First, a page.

Your standard-issue rocket ship travels at around 35,000 miles per hour; at that rate, it would take some 80,000 years to reach our nearest star system, Alpha Centauri. But UCLA engineers are now working on a bold idea that could cut that commute down to 20 years.
UCLA materials engineer Aaswath Raman is part of a global team that’s designing the first interstellar sailing ship — a tiny but mighty probe designed to photograph faraway stars up close. The team, called Breakthrough Starshot, is planning to catapult a microchip-sized probe into the Earth’s upper atmosphere. There, it will deploy a conical-shaped sail that will be blasted by laser-beam-generated light, pushing the probe to accelerate to up to one-fifth of the speed of light on its way toward Alpha Centauri.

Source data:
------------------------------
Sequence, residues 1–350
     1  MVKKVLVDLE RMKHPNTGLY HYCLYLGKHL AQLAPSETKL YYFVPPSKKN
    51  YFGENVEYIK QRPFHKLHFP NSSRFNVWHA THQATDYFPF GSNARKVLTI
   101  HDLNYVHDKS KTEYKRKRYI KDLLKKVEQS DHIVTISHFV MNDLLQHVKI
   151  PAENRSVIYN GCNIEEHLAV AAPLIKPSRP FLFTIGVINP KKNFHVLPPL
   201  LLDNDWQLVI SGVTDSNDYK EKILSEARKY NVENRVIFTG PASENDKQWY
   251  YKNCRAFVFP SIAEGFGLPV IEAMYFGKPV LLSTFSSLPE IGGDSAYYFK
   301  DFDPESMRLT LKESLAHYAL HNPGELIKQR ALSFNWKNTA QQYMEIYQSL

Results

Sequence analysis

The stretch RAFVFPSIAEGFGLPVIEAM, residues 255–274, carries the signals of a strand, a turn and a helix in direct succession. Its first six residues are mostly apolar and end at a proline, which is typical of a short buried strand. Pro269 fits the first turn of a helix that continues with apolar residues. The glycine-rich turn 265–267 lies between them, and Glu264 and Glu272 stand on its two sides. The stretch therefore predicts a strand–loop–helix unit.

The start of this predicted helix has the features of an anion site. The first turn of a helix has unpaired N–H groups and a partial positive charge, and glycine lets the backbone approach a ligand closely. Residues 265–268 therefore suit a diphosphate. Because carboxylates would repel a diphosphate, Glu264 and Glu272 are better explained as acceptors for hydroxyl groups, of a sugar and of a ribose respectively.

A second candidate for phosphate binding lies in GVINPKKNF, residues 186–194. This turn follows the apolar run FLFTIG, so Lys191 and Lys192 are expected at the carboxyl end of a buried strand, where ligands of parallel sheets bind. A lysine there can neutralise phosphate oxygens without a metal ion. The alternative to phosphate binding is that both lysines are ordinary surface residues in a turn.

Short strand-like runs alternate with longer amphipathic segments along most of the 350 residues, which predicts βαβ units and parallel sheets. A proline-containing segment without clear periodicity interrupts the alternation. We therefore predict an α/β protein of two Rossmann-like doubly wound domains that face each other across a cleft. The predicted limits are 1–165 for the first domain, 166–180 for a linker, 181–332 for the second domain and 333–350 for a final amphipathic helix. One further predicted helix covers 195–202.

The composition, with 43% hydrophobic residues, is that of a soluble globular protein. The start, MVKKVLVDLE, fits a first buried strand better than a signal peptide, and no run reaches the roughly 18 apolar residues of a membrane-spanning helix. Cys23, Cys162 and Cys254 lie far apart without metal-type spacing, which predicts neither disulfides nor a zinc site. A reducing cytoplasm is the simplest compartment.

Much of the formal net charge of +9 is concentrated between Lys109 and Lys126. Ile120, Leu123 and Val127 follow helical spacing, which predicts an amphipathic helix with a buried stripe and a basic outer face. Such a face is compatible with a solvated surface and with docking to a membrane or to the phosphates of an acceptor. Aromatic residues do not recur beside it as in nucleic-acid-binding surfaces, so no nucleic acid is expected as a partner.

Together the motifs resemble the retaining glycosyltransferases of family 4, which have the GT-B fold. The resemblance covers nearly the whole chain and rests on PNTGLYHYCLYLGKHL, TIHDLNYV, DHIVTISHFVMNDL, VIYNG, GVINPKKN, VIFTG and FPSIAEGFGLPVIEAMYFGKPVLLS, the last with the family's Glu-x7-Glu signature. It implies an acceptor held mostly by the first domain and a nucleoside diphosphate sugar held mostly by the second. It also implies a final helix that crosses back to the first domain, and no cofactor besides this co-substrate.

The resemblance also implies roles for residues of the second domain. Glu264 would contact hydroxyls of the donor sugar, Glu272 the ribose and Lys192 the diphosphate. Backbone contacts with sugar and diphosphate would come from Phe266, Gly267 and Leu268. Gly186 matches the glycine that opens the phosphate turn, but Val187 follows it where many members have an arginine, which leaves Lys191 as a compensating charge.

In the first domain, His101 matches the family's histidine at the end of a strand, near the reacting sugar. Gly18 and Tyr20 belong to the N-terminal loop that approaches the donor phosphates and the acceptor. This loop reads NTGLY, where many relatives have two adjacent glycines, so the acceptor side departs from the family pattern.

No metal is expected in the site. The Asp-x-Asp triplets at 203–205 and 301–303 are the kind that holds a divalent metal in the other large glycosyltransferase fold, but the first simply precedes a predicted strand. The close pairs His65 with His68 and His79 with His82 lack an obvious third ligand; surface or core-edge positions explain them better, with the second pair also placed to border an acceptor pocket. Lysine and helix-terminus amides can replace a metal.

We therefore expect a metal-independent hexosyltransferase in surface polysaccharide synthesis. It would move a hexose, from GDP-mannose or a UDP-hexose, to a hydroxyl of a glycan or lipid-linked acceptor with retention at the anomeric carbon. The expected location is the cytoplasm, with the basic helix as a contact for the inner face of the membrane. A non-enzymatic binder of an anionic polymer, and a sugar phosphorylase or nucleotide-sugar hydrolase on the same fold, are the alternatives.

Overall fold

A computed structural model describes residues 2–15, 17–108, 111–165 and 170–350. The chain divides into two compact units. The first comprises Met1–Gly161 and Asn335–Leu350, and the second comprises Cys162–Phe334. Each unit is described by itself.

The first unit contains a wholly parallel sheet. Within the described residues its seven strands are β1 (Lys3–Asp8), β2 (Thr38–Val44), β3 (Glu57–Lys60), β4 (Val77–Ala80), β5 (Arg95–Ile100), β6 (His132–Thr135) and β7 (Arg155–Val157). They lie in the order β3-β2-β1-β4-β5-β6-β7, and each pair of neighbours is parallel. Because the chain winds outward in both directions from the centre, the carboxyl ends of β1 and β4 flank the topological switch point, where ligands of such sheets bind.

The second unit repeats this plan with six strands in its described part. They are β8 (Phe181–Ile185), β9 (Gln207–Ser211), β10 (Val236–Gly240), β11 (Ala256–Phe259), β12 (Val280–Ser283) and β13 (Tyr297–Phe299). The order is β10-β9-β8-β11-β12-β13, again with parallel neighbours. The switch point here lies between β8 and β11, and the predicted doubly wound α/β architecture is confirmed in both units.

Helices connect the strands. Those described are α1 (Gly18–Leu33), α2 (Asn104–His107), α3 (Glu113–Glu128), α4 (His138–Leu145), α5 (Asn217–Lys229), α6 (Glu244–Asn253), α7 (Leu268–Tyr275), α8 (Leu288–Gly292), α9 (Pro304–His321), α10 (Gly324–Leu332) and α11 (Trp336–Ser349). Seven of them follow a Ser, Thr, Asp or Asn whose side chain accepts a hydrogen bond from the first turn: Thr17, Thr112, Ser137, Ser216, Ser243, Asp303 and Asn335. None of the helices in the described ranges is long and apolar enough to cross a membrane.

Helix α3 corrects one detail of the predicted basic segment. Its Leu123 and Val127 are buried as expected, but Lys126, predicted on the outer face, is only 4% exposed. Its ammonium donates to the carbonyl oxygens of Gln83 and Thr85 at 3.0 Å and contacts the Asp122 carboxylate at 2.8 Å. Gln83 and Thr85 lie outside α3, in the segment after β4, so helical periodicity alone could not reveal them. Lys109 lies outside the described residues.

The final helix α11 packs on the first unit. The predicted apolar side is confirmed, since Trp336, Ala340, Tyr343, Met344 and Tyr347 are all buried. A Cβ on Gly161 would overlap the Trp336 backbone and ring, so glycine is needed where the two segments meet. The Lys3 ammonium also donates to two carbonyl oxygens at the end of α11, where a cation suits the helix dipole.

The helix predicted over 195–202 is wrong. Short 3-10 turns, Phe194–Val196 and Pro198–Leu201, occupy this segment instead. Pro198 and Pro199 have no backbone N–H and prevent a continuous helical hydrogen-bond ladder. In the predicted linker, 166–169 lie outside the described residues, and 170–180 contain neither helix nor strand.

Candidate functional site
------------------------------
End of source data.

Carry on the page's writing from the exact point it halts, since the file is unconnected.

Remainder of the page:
There is still work to do. For one, the sail has to survive the laser blast. “If the sail absorbs a fraction of this heat it will melt or tear, so we are designing a lacy sail with holes to radiate [the heat],” Raman says.
The prototype of the sail he designed, created at UCLA, is 10 feet wide and a thousand times thinner than a magazine page, with ridges and whorls. Once the concept moves out of the lab within the next few years, the sail could be built from aluminum oxide, a chemical compound also found in sunscreen.
The good news is that the probe could reach Alpha Centauri before 2050 and begin its explorations there. The bad news? Even if pictures suggest that the exoplanets in that neighborhood — such as Proxima c, for one — could be a future habitat for humans, it will take almost five years for the interstellar message to reach us. Good things come to those who wait.
Watch a virtual demonstration of the rocket sail!
Read more from UCLA Magazine’s Fall 2022 issue.